Meet Me by the Fountain

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Felix Salmon: Hello. Welcome to the Meet Me by the Fountain episode of Sleep Money, Your guide to what is normally the business and finance News of the Week. But this week is the business and finance news of shopping malls. We are devoting this entire episode to shopping malls, which are the best subject. It’s not just me. Felix Salmon of Axios and Emily Peck of Axios. Hello, Hello and Elizabeth Spiers. But we actually have an expert on Alexandra Lange. Welcome. Tell us about yourself. Who are you and what is this book that you have written?

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Speaker 2: I am an architecture and design critic and I have written a book about the history and the future of the shopping mall.

Felix Salmon: It’s a great book and we are going to talk about that on the show. We’re going to talk about The Gruen Transfer. We’re going to talk about entertainment. We’re going to talk about whether malls are dead, whether online shopping has killed things. We’re going to talk about the human need for proximity.

Emily Peck: And Felix will share a very special mall memory. Oh, yeah.

Felix Salmon: You get after after I do my standard like love a manhattan. I, you know, live in a bubble. I rolling thing about like, I hate all the malls. I will actually at the very end of this show, get dragged out of me. The one lovely moment of shopping mall joy that I remember very fondly. It’s all coming up on Slate Money.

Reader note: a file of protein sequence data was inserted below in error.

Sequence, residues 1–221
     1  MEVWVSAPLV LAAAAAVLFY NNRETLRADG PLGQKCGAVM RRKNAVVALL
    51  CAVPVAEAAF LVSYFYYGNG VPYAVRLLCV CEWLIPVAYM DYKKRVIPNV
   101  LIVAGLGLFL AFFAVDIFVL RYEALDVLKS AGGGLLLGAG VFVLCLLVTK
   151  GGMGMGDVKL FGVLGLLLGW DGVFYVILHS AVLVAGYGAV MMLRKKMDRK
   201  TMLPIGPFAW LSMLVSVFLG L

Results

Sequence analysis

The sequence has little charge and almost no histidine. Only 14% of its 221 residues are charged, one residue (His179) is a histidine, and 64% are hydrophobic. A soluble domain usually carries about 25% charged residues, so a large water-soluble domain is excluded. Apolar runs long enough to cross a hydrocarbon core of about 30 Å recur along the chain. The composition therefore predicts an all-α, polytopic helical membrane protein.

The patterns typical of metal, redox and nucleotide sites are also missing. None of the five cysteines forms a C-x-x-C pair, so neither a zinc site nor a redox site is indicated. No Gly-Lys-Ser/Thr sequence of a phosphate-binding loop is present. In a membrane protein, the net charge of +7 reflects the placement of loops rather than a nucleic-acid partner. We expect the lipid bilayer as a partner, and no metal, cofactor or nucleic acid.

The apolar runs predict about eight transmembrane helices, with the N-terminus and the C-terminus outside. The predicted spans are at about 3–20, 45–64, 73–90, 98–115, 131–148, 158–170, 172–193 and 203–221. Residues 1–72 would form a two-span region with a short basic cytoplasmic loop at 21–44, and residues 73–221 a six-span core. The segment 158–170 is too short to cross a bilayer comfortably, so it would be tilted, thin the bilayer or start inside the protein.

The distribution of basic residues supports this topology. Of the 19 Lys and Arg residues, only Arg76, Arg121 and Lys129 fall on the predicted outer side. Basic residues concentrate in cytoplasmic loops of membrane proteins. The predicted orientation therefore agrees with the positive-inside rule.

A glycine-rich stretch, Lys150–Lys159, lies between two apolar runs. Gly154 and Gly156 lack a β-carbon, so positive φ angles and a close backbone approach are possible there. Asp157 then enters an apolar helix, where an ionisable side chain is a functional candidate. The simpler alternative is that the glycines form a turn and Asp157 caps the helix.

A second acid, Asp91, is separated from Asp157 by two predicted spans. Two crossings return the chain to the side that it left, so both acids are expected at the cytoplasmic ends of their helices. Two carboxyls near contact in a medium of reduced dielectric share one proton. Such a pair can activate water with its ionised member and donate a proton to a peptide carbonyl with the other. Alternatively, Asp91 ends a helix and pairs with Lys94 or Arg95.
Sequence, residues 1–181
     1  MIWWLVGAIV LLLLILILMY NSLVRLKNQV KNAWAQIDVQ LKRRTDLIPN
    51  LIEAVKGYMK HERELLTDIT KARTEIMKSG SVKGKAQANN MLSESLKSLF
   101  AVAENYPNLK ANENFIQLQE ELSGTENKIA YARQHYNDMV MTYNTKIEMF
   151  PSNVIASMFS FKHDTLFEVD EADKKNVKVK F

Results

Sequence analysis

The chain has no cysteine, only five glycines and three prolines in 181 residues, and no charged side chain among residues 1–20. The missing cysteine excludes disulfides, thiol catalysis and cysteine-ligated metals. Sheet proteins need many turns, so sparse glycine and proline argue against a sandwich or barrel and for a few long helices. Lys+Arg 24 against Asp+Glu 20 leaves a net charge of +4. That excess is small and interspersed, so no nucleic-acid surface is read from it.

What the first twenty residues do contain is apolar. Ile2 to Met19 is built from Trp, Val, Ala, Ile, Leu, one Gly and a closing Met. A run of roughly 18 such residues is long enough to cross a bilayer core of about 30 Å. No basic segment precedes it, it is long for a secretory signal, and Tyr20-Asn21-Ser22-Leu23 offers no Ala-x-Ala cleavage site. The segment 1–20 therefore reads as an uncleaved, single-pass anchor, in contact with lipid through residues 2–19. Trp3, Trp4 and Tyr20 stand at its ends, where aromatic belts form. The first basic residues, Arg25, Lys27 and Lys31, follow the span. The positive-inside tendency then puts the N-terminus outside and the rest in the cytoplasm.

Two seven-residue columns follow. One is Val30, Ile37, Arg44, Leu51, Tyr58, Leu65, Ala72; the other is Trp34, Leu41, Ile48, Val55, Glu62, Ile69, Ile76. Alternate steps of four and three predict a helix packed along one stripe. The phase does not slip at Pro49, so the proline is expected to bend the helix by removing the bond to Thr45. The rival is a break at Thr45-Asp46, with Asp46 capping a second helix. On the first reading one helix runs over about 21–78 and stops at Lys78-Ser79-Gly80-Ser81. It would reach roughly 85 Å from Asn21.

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Emily Peck: Maybe you could start off by telling us sort of why you thought we needed to have a book about shopping malls, because I know for a long time they’re kind of looked down at by the architectural community.

Speaker 2: Yeah, well, the first thing is the last big book on shopping malls was published in the eighties. It’s called the Mall of America. And it was actually pretty popular at the time. And it’s a fun read. So I think any time you’re looking for a non-fiction book subject and you realize the last book was written 30 years ago, that’s generally like a good place to be. But more than that, I just felt like after about 30 years, things become historic and that’s when they become interesting. And a lot of the last great wave of mall building is about 30 years old now. And it seemed like it was time to take a closer look at this architecture, this experience, this place that was so meaningful to me as a child of the eighties and I thought was meaningful to a lot of other people, too.